Tasting notes: “Richly meaty,” one taster noted, and all praised a balanced smokiness — flavorful without coloring outside the hot dog lines. The juiciness and slightly chewy grind, too, rated well, and the lack of a casing did not faze tasters. One comment: “This feels like the elevated hot dog I’m looking for.” Another: “The pinnacle!”

Fletcher’s Seattle Mariners Beef Franks: This M’s-endorsed supermarket specimen is not particularly impressive in length at 5 3/4 inches, but possessed of nice girth at 3 3/4 inches circumference; weighing in at just over 3 ounces each, they’re $1.50 per. PBH-owned Hempler’s now owns Fletcher’s in its U.S. incarnation (it’s complicated). Packaging boasts of “home run flavor” and no added MSG.

Tasting notes: This dog tasted both sweeter and saltier than others (and packs a wallop of 34% of one’s recommended daily sodium, FWIW), ringing of “honey bacon.” One taster detected celery salt, while another appreciated the smoke level; the variety of pronounced flavors, though, rated “maybe more complex than it needs to be.” It “looks better because it’s bigger,” was noted, but, then, “Does size matter?” 


Hebrew National Bun Length Beef Franks: Another long/skinny puppy at 6 1/4 inches in length, 2 3/4-inch circumference, these mass-market standards come at 2 ounces each for 91 cents. “Made with premium cuts of Kosher beef,” and no artificial flavors/colors nor fillers; the company is now owned by behemoth ConAgra.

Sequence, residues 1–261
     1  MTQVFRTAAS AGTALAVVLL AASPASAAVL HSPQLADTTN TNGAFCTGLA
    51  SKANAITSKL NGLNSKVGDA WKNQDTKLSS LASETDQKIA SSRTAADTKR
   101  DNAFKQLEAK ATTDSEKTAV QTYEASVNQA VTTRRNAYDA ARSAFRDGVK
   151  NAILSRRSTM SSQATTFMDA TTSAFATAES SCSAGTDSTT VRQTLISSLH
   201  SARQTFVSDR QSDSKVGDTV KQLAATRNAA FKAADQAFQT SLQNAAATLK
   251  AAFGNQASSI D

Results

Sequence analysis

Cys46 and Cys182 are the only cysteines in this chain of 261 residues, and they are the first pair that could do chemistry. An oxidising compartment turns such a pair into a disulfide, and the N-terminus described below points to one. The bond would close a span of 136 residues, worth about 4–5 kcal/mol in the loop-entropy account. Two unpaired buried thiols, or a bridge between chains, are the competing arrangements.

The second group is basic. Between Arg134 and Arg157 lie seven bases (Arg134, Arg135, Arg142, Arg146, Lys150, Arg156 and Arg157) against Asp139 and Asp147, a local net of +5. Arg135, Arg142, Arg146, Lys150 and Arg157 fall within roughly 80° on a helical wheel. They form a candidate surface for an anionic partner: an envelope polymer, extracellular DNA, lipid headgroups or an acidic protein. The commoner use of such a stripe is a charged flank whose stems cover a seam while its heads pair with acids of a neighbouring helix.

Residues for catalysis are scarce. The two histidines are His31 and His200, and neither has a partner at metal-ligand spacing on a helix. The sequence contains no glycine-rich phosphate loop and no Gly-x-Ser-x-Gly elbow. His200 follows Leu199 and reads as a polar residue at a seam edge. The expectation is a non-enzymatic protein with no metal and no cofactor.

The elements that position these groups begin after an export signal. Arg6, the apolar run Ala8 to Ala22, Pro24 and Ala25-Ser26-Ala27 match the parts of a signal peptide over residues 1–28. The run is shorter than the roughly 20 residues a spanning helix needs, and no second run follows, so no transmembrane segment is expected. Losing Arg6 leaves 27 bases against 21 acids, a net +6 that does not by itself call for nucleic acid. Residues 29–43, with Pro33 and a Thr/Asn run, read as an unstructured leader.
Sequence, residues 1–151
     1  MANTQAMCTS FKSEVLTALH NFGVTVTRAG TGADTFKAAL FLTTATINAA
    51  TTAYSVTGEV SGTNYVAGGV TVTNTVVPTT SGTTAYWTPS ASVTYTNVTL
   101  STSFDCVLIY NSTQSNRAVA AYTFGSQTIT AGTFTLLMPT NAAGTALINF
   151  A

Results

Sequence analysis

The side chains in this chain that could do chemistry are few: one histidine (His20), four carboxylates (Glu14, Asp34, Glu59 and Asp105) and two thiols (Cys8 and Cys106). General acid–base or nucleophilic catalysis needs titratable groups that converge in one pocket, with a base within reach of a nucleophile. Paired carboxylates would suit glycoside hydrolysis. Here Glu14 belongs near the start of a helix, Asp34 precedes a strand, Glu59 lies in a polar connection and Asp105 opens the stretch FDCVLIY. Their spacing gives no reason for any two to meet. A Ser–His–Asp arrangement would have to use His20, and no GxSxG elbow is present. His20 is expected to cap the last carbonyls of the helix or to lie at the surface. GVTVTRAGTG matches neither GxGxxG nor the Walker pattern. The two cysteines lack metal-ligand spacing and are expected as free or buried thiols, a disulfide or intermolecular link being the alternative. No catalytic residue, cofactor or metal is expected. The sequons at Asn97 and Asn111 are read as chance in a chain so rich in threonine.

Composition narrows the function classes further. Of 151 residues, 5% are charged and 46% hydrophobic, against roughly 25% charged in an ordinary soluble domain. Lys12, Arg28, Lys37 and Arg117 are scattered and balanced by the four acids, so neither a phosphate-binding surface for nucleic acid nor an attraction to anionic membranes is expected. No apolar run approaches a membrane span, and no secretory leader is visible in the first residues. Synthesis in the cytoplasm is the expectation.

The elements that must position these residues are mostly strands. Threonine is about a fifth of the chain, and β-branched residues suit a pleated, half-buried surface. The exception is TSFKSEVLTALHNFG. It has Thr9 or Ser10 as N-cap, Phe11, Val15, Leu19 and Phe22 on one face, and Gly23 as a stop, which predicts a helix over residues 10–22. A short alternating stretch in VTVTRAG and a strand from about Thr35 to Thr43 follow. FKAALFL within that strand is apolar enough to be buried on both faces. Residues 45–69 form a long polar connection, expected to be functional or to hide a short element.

Tasting notes: “Uncomplex,” “classic” and “a workhorse — you could eat three of them,” tasters said — and at this point in the test, all were meant as high praise. The former vegetarian happily reminisced about “swim meets with tons of screaming kids,” while another mused about “a church picnic.”  

Bar S Classic Jumbo Franks: Ironically puny, given the name, these bottom-shelf supermarket bargains measure maybe 5 inches on a good day, with a 3 inch, oddly squared-off circumference, and come cheaper than meat should be at 37 cents each. “Mechanically separated chicken” is the first ingredient, with pork — and corn syrup — coming later.

Tasting notes: The texture here disturbed tasters, e.g., “weirdly squishy,” “Vienna sausage-like,” “could eat this with no teeth.” The former vegetarian declared it “like a Smart Dog, with just a little animal flavor,” while a comparison to the flavor of bologna met with nods all around. However: “It’s better than no hot dog at all,” one taster remarked.


The Bar S hot dog didn’t stand a chance, but it did raise the philosophical question: “Does a bad hot dog exist?” One taster answered, “I really believe, frankly, it doesn’t” (pun unintended, but still funny). The panel felt that the Rain Shadow dog could certainly stand up as its own sausage, but that in the context of ideal hot dog taste, “It’s trying too hard.” The Fletcher’s/Mariners version was judged over-effortful and not as good. 

The No. 1 spot went to a surprising tie: the dog from Hempler’s sold at Bob’s Quality Meats and old standard Hebrew National. Tasters were impressed that Hebrew National has kept its quality up, while one noted that the Bob’s special Hempler’s dog “eats the meatiest.” Both absolutely carried out the nostalgic notion of a hot dog, conjuring summertime, creating a sunny, uncomplicated happiness at being alive. 

On the no-bad-hot-dogs front, the former vegetarian remarked, “Having so many hot dogs reminds me why I’m eating meat again.” Nobody was sick of them when we were done, and grilled zucchini and spinach salad were administered to all of the panel.